Why Do Muslim Women Have to Cover their Heads?
It is the general consensus among the Muslims that a Muslim woman is required to cover her head leaving, according to the majority of the scholars, only her face and hands showing as part of an overall dress code and behaviour which Islam prescribes.
It is therefore part of the social system of Islam, and a manifestation of important general Islamic principles. Firstly, an educated Muslim woman does this because she is following guidance from God, the Almighty, and His Prophet Muhammad (peace and blessings be upon him) recorded in the Qur'an and in the Sunnah (the knowledge about the practice and example of the Prophet Muhammad).
For example, one translation of the meaning of the specific ayat (verse) of Qur'an that mentions the head covering is as follows: "And say to the believing women......that they should draw their head-coverings over the neck opening (of their dresses) , and not display their ornaments except to their husbands, their fathers....." (Surah 24 Al-Nur (The Light); ayat 31)
This guidance she regards, as by definition a Muslim should do, as being revealed by the 'All-Knowing' the 'Most Wise', the 'Most Merciful', 'All-Mighty' God who created all human beings and whose Power controls everything. She is doing it because she believes that God with His nature knows best what is in the true best interests of human beings, far more than a human can know, with his or her fallibility, and weaknesses.
The main reason for the hijab is modesty, which is not wishing to receive unnecessary attention from people, such as admiration and flattery, envy, or, most importantly, sexual attraction from those other than her husband. Great care is taken to keep sexual thoughts, feelings and interactions within the boundaries of the marital relationship.
These types of attention may boost the 'ego' for the short term, but all have the potential to lead to disastrous consequences in the long term, for example leading to confused feelings, competition, suspicions, affairs, break-up of marriages and other relationships, disturbed children, and ultimately a community where people are insecure, unhappy, and divided amongst themselves.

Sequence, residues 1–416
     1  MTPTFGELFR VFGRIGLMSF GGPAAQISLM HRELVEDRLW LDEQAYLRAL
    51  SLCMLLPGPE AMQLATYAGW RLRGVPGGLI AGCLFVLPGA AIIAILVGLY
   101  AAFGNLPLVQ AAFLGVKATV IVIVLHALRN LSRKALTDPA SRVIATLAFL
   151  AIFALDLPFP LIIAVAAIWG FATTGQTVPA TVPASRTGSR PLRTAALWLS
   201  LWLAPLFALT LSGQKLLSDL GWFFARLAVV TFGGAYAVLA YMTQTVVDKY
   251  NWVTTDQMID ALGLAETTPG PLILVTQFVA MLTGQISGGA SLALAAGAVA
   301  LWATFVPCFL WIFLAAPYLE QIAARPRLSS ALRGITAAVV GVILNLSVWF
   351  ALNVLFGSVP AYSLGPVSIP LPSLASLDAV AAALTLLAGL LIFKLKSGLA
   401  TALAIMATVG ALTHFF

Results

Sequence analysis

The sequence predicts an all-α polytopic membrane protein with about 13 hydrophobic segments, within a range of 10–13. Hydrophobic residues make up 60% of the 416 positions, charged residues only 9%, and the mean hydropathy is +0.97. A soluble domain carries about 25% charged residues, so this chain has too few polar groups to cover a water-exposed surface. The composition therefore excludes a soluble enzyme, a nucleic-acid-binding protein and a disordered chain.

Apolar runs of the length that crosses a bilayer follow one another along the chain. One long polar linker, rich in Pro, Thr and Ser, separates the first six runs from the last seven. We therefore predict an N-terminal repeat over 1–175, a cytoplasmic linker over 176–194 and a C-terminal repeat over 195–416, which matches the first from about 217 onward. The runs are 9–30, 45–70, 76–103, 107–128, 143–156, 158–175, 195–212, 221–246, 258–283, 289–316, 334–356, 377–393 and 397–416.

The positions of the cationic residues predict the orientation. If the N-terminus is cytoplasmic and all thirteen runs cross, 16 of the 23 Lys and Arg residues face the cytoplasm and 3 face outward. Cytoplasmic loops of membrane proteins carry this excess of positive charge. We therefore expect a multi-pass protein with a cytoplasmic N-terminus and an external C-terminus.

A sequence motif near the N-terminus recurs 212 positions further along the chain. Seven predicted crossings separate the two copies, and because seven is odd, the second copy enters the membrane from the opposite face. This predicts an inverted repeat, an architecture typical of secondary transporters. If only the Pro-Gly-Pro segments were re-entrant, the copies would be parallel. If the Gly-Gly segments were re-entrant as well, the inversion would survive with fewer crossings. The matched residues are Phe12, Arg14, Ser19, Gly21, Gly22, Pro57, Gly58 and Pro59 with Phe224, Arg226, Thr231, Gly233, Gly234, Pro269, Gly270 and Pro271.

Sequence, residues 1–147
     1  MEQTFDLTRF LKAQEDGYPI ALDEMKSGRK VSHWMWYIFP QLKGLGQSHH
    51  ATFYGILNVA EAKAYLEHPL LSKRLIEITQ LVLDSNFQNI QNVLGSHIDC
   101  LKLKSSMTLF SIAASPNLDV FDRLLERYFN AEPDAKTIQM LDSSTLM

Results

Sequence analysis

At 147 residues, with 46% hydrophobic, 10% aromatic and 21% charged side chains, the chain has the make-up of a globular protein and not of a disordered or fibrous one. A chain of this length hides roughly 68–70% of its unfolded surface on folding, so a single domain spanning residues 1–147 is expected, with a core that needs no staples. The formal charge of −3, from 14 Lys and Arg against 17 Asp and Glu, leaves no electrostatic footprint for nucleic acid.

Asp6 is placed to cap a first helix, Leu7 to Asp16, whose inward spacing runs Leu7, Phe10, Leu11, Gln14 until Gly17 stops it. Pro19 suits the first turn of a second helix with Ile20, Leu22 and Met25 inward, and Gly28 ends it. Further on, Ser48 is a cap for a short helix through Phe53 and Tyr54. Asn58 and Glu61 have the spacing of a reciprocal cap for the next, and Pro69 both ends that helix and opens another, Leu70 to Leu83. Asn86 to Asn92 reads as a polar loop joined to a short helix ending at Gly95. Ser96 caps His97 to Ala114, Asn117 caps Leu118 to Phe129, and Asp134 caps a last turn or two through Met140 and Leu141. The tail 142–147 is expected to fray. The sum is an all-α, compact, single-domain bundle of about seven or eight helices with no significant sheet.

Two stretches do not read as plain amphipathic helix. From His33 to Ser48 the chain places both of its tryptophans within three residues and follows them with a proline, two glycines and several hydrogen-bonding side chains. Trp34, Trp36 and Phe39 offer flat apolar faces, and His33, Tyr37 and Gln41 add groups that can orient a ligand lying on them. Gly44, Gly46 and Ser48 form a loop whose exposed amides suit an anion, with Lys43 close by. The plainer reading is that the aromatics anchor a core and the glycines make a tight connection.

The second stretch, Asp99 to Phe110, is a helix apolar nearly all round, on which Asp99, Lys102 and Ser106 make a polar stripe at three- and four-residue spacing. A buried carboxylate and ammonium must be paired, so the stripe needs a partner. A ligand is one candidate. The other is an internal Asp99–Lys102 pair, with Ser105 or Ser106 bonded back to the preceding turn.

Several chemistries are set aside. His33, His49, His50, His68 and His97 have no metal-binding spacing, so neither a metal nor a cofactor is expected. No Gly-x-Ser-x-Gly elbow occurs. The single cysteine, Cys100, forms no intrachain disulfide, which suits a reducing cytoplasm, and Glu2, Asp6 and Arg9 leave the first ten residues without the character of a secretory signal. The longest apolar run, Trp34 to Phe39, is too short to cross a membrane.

From this it can be seen that the hijab is a manifestation of another important principle in Islam, which is valuing benefits which are permanent above those which are temporary. What is permanently beneficial is, for example, a happy marriage between two people who aim to learn, teach and apply Islam to the best of their ability in their lives.
This is seen as that which brings about the true happiness of the soul for eternity, by purifying and keeping it in its pure, natural, God-created state, filling it with peace and contentment, patience, gratefulness, love and compassion. What is temporary are the momentary pleasures derived from, for example, people's opinions of you, leading to your own self-satisfaction, or, even more basically, those derived from physical sensations.
A strong marriage, and a peaceful, cooperative, happy community, where people's feelings towards one another are good, will not only provide the true happiness that the soul needs, but also, in moderation, the good opinion, physical, and other pleasures that the ego requires.
Therefore, the freedom and benefit of the soul is encouraged, requiring a corresponding disciplining and moderating of the ego, but not a total denial or repression of it.
Besides following modest dress codes appropriate to the different natures of a man and woman, both Muslim men and women should abide by a certain modest and respectful code of conduct when interacting with the opposite sex.